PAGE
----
By Atom Markarian
The vital supplies of Russian natural gas to Armenia have been restored to usual levels after being cut by half late last week, officials in Yerevan said on Monday.
Government sources told RFE/RL Armenia now gets about 6 million cubic meters of gas a day, enough to meet its energy needs. The deputy chairman of the government’s Regulatory Commission on Energy, Nikolay Grigorian, said the current volume of deliveries allows the Hayenergo national power grid to prevent power shortages during the temporary shutdown of the strategic nuclear power station at Metsamor.
It is still not clear why Russia’s ITERA gas exporter slashed its supplies to Georgia and Armenia. Officials at Armenia’s ArmRosGazprom gas distributor blamed the problem on disagreements between ITERA and the Russian Gazprom monopoly.
The Metsamor plant, which provides about 40 percent of Armenia’s electricity, was unexpectedly shut down on Friday after what Armenian officials said was an emergency caused by unstable electricity supplies from neighboring Iran. Its only functioning reactor will require full refueling before it can be reactivated.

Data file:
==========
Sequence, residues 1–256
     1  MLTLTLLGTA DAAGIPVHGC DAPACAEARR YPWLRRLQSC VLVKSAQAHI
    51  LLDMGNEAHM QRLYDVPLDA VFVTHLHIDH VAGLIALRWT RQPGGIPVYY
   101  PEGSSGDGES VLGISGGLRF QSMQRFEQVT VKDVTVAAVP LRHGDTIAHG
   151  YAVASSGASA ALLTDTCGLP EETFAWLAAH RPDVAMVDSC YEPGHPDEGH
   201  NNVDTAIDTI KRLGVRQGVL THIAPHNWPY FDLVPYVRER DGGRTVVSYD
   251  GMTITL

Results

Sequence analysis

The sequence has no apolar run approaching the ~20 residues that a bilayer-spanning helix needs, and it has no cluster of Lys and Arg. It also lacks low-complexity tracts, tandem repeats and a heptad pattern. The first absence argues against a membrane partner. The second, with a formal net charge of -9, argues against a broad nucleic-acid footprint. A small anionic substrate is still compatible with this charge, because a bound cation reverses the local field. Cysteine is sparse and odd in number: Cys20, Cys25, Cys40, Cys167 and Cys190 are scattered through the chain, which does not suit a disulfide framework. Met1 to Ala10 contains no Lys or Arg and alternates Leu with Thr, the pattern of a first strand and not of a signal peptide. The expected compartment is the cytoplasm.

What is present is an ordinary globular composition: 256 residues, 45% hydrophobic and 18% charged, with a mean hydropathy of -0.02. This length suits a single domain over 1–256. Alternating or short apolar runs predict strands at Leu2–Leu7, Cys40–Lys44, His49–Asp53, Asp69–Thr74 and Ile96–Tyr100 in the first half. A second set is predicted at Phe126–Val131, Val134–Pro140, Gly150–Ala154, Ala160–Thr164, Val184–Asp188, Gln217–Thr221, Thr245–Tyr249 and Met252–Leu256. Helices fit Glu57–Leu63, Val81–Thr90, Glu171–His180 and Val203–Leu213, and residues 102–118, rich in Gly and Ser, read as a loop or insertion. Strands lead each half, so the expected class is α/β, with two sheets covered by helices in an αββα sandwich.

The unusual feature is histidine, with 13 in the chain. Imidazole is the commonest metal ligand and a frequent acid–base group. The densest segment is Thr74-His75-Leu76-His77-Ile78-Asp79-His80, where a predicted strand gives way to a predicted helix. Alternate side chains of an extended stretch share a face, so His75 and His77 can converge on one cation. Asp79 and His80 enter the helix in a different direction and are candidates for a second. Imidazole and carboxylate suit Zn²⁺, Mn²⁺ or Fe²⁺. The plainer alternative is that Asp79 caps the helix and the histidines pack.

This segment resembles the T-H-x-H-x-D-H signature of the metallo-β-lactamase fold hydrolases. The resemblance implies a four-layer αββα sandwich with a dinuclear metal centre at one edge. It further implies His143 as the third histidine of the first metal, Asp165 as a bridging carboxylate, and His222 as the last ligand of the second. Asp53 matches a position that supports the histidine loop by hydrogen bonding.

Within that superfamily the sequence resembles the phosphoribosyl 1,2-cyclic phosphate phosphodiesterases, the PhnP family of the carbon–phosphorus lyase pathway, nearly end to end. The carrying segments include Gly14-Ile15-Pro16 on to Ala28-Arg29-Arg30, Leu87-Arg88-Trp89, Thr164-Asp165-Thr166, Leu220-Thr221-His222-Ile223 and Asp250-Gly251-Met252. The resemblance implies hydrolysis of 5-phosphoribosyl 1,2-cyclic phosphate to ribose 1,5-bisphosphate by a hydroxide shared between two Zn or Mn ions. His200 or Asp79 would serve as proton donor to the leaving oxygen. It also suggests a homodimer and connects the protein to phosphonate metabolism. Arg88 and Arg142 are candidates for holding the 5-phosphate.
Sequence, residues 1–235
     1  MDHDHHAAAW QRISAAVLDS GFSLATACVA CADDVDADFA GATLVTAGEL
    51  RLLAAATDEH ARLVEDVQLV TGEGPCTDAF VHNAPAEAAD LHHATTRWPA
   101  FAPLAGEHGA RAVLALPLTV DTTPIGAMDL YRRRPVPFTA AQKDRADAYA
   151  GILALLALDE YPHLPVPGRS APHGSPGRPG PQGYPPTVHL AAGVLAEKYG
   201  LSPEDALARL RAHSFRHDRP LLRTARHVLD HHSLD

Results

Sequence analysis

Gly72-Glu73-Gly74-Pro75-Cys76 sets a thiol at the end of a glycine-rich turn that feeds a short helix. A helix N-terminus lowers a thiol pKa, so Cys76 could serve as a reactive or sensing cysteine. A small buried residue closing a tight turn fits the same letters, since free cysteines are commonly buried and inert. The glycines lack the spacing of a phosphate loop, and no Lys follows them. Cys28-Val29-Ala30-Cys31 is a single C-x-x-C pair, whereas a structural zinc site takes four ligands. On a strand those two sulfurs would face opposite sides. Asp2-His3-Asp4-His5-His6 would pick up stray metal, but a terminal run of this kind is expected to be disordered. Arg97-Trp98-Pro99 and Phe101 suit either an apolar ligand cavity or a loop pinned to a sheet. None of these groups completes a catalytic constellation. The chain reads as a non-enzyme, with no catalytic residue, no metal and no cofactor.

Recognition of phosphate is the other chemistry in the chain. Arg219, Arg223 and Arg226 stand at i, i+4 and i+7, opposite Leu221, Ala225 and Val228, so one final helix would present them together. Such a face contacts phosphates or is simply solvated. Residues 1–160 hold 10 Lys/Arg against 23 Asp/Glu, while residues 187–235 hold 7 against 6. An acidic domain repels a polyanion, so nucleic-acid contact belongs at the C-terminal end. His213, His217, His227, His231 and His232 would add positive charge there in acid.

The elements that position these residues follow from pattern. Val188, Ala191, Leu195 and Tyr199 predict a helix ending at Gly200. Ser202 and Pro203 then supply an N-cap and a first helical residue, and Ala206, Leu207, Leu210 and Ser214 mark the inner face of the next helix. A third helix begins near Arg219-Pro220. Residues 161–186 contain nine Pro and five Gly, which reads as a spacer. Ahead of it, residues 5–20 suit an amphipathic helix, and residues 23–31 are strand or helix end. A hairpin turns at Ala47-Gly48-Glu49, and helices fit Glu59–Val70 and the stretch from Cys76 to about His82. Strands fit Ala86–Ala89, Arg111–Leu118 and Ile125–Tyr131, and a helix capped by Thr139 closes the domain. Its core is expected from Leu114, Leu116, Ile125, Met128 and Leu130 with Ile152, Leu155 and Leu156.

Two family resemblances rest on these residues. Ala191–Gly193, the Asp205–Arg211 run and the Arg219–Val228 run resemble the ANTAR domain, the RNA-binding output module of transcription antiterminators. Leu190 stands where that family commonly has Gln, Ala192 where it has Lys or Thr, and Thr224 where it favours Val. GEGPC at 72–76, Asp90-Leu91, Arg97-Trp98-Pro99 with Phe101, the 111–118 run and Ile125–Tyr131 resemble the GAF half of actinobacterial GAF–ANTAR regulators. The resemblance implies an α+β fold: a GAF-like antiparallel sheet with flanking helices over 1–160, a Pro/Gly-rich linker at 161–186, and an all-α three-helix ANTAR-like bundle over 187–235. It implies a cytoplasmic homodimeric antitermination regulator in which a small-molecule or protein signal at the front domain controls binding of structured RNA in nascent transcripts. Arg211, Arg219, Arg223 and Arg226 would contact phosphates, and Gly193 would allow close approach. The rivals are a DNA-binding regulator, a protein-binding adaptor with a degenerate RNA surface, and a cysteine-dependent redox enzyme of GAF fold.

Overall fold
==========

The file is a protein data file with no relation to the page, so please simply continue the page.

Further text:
“The [Russian nuclear] fuel will most probably be shipped and the nuclear plant will resume its operations in late May or June,” Grigorian said. He confirmed that the fuel will almost certainly be purchased by Russia’s biggest state-run power utility, RAO Unified Energy Systems (UES).
Under a deal finalized by the Russian and Armenian governments, UES will pay for the fresh fuel and repay Metsamor’s $32 million debts to Russian suppliers in exchange for managing the Soviet-era plant’s finances. UES, which already owns Armenia’s largest thermal power plant, will also be granted the ownership of six Armenian hydro-electric plants.
That will place at least 85 percent of Armenia’s energy sector under de facto Russian control -- a prospect that has caused alarm among the country’s pro-Western opposition politicians. They say energy deals with Russia jeopardize Armenia’s independence.
Grigorian sought to allay those fears. “The issue only appears to be political,” he said. “In fact, it’s a purely economic one.”